Every bishop, pastor and clergyman , is the beneficiary of an IRS promise not to tax the collection basket if and only if, all church personnel, esp. bishops and pastors, refrain form making political comments, critiques, advocacy or statements contrary to prevailing law. The Catholic church has accepted this imposed limit because of the amount of wealth that is protected from tax confiscation.  To be hypothetical, if the church is gifted with $100 million a year in offerings from the faithful at least $ 20 million is saved from the tax roles and put to work on Catholic projects: social care, health care, missionary work, education, catechesis, and ministries of all sorts. This is a practical consideration but not always a wise one.

Short History on Tax Exempt Status as a 501 c3 Organization

Registering a church as a 501 c3 tax exempt organization did not begin until  1954 when Senator Lyndon B. Johnson (a proponent of the anti-Christian liberal agenda) pushed for the addition of churches to section 501c3 of the 1954 Tax Code. In this way, Johnson hoped to stealthily reduce the impact of the US Bishops and Protestant church leaders on public policy. Although church leaders have tended to view this political move by Johnson as some type of favor; like all political favors, it has come with significant strings attached. but

“For a 501 c3 church to openly speak out, or organize in opposition to, anything that the government declares ‘legal,’ even if it is immoral (e.g. abortion, homosexuality, same sex marriages, etc.), that church will jeopardize its tax exempt status.  The 501 c3 has had a ‘chilling effect’ upon the free speech rights of the church.  LBJ was a shrewd and cunning politician who seemed to well-appreciate how easily many of the clergy would sell out.”  Peter Kershaw, In Ceasar’s Grip

Tax exempt status has become a sacred shibboleth, but does the church have to seek  permission from the government to be tax exempt?  Prior to the 1954 addition of churches to the tax code, churches were already exempt; churches were never taxed in America.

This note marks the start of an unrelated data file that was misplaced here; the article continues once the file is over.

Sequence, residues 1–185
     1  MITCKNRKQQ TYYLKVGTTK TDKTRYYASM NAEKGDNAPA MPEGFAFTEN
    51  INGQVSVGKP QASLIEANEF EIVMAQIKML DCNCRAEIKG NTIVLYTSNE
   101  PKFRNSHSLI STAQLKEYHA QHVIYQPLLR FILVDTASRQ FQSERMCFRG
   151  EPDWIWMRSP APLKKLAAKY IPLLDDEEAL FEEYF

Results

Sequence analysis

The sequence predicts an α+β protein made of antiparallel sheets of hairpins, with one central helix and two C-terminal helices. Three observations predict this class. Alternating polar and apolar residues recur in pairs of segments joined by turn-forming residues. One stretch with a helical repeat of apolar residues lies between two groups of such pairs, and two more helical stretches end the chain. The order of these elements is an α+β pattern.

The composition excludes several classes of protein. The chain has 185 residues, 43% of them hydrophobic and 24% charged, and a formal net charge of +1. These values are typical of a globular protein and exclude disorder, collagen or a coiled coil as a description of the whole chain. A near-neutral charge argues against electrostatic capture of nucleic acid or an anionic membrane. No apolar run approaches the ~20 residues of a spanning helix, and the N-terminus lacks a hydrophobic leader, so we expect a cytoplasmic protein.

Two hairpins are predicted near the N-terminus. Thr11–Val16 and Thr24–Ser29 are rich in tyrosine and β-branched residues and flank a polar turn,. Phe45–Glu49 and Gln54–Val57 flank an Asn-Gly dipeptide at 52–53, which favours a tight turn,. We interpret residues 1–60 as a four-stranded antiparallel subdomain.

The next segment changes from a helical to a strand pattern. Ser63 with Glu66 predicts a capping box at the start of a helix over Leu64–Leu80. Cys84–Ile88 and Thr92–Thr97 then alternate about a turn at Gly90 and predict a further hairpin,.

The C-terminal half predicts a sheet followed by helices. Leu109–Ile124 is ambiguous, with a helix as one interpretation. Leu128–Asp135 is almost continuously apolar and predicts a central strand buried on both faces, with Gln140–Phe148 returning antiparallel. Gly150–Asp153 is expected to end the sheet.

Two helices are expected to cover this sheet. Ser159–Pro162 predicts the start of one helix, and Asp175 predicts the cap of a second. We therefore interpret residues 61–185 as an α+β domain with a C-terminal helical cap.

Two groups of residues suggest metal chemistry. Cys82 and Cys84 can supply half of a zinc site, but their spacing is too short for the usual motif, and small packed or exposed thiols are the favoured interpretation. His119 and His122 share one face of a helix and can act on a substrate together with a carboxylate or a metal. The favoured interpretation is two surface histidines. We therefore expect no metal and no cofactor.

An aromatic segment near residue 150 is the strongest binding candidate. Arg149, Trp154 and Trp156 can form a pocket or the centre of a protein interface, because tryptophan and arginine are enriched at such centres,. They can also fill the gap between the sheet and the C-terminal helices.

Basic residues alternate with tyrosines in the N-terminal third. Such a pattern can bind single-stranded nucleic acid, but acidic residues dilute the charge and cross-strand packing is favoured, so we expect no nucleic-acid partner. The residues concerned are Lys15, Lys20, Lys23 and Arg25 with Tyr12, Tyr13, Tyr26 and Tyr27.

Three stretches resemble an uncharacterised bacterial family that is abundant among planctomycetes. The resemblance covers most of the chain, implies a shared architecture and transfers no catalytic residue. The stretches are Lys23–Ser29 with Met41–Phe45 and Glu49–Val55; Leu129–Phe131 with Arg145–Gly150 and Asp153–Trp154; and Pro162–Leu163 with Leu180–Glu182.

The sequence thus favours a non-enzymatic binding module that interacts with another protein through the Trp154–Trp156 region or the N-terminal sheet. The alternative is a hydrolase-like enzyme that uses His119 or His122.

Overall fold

To be eligible for tax exemption a corporation must submit IRS Form 1023, but some corporations are excused from this requirement. According to IRS Publication 557,  churches are “exempt automatically.”

“Churches, interchurch organizations of local units of a church, conventions or associations of churches, or integrated auxiliaries of a church, such as a men’s or women’s organization, religious school, mission society, or youth group…. These organizations are exempt automatically if they meet the requirements of section 501(c)(3)” (IRS Publication 557).

The churches did not need the 1954 exemption to excuse them – they were already exempt. The 1954 code has worked to bind them under the guise of a favor.

The church, moreover, does not need a “501c3 tax-exempt recognition letter” from the IRS for a contribution from a donor to be tax deductible. According to IRS Publication 526:

“You can deduct your contributions only if you make them to a qualified organization. Most organizations, other than churches and governments, must apply to the IRS to become a qualified organization.”

“A church does not have to be a “nonprofit charitable organization” to be tax deductible, nor does it need IRS authorization to be tax deductible. According to the IRS, churches have that status “automatically.”

This idea extends far back into human history.  As early as 460 BC Artaxerxes, King of Persia,  decreed that the priests of the Lord should not be taxed:
“Also we certify you, that touching any of the priests and Levites, singers, porters, Nethinims, or ministers of this house of God, it shall not be lawful to impose toll, tribute, or custom, upon them” (Ezra 7:24).